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10 minutes ago, Tub said:

Hello, Drk. I stumbled across two new words recently: one was " catachresis ", which is relevant to " phase " and " faze "; the other is  "ultracrepidarianism "  which could apply to a few  people in these forums ( not including you, of  course..ha,ha.. but definitely including me ). You may already be familiar with these words but, if you aren't, and knowing your interest in Greek and Latin, i think you might be interested in their etymology.

 

Thank you - they are both interesting, but the ultracrepidarianism  (which I had come across but forgotten) has a particularly interesting etymology. I find etymology fascinating, which puts me in a very small minority methinks.

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Today I learned how hot temperatures can ground airplanes. The problem with flying in hot temperatures is similar to the problem faced in high altitudes: thin air. Hotter air is less dense, which means there is less air beneath the wings for lifting the aircraft and less air to flow through the jet engines.

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Today I learn about "the way to spiritual power through discipline" as practiced by Shugendō monks beginning in the 7th century until outlawed by the Japanese government.  Essentially, the practice involved a method of extremely slow suicide called self-mummification, which lasted about 9 years if successful.  Ritualized suicide, ultimately religious escapism. 

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Today I learned that a comparatively weak quantum computer with just a few thousand Q-bits as compared to a smart phone using billions of classical bits, could perform more computations simultaneously than could be performed by the entire visible universe if it was made into computers. It's mind boggling how these quantum computing techniques can exponentially be faster than classical computers. I find the below 8 minute video very interesting and the whole channel contains some real gems:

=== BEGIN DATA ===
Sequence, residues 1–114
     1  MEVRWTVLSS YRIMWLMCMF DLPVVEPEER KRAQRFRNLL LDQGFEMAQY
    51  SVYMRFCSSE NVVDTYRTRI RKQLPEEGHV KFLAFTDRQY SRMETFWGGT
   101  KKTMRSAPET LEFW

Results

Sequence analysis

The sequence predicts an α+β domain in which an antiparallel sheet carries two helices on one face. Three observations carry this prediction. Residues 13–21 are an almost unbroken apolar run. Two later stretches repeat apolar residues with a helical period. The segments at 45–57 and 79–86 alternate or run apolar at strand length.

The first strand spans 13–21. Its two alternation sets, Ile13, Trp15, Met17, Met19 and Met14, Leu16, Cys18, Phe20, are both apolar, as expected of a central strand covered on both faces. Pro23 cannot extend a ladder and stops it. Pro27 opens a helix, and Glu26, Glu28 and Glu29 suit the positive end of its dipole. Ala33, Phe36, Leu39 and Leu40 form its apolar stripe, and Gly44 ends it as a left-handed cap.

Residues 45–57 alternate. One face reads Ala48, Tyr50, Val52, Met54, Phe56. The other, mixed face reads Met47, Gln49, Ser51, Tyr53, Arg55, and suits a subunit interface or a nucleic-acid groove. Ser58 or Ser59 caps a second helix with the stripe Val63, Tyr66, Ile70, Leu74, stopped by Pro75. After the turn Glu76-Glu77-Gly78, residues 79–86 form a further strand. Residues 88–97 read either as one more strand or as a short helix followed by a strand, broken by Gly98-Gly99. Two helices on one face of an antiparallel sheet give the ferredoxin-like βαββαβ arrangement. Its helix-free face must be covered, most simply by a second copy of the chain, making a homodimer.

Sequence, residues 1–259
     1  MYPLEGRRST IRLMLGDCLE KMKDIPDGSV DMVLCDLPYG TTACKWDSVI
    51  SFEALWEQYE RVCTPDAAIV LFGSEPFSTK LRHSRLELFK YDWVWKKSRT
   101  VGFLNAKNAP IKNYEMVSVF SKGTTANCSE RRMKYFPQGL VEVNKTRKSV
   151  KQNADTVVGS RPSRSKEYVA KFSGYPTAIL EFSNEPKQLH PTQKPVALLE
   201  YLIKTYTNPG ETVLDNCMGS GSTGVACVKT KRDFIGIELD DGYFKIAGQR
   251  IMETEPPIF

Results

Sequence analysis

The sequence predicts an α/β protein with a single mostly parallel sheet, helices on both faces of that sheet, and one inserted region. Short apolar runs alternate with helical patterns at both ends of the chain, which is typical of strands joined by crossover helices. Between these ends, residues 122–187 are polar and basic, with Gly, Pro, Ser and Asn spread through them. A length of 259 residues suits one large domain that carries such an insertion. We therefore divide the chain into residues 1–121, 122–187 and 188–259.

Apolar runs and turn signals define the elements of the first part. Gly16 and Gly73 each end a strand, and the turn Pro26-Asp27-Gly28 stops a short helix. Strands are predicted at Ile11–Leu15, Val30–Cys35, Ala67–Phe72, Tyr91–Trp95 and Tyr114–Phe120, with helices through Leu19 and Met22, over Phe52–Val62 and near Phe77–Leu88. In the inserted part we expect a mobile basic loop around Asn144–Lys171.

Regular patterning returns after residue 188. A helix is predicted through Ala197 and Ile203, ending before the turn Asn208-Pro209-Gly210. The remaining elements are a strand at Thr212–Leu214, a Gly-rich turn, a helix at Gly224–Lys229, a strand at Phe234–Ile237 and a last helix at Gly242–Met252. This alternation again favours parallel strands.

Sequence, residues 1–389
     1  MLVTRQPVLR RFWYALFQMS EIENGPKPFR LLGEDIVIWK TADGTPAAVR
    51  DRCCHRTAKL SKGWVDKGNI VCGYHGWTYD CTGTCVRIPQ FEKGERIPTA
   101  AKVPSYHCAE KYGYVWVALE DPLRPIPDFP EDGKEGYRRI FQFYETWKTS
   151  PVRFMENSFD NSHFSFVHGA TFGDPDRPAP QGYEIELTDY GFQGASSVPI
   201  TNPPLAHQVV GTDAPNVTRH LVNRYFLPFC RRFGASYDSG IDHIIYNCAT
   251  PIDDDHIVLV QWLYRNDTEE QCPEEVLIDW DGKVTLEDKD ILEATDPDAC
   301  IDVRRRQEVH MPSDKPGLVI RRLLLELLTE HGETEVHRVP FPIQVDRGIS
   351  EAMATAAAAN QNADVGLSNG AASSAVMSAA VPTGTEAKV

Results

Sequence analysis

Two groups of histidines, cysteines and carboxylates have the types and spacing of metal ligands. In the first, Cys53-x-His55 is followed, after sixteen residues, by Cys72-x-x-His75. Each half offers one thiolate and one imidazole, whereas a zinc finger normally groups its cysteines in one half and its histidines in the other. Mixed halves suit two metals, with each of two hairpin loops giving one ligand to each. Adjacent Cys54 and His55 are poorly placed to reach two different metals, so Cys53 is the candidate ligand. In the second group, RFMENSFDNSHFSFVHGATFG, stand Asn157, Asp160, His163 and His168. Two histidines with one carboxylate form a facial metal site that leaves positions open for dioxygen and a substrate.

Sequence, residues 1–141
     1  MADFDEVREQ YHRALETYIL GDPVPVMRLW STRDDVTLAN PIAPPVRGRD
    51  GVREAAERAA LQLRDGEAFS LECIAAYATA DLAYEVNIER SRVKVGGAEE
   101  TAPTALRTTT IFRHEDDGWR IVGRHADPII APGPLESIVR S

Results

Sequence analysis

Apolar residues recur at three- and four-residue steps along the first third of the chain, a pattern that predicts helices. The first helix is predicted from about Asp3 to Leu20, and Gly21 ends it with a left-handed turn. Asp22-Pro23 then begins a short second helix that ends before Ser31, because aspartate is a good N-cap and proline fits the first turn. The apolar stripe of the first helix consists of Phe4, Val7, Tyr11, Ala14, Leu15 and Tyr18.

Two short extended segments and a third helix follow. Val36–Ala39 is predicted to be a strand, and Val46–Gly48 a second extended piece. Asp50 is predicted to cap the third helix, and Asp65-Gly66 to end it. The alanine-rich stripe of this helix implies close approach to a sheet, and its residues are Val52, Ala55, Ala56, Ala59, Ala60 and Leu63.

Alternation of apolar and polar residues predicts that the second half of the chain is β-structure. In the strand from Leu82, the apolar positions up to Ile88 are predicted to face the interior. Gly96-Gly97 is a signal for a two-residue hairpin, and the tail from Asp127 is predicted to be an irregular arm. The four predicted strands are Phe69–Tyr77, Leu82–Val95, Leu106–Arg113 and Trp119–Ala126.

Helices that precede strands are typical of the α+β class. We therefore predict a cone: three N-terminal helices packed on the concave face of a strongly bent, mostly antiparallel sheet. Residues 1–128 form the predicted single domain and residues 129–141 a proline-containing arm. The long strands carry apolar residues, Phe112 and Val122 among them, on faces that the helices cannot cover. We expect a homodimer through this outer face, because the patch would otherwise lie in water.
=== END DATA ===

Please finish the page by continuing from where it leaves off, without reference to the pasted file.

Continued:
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8 hours ago, koti said:

Today I learned that a comparatively weak quantum computer with just a few thousand Q-bits 

Today I learned that Intel will sell you a chip with 17 qbits

https://newsroom.intel.com/news/intel-delivers-17-qubit-superconducting-chip-advanced-packaging-qutech/

And it needs rather specialist cooling ( 0.02K).

Classical computing isn't dead yet, though it may not be long.

Edited by John Cuthber
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2 hours ago, John Cuthber said:

Today I learned that Intel will sell you a chip with 17 qbits

https://newsroom.intel.com/news/intel-delivers-17-qubit-superconducting-chip-advanced-packaging-qutech/

And it needs rather specialist cooling ( 0.02K).

Classical computing isn't dead yet, though it may not be long.

That 20 millikelvin operating temperature doesn’t look too promising. I’m no expert but it’s probably not any time soon we could get a home environment PC to near absolute zero temperature. 

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Today I learned the Argentine lake duck is notable for possessing, in relation to body length, the longest (this is link to Largest body part....many interesting trivia) penis of all vertebrates; the penis, which is typically coiled up in flaccid state, can reach about the same length as the animal itself when fully erect, but more commonly is about half the bird's length.https://en.wikipedia.org/wiki/Lake_duck

Edited by Itoero
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I've learned that wolf-PAC.com has a petition to get big money out of politics,
and forapeoplesparty.org is trying to start a third political party. Both are trying to give back power to "We the People."

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Today I learned that those white spots that sometimes appear under our fingernails are call Leukonychia and that certain types may confer serious health conditions from malaria and leprosy to Darier's disease, liver failure, and kidney failure.  There are four primary types:  Punctata, stratia, longitudanal and totalis.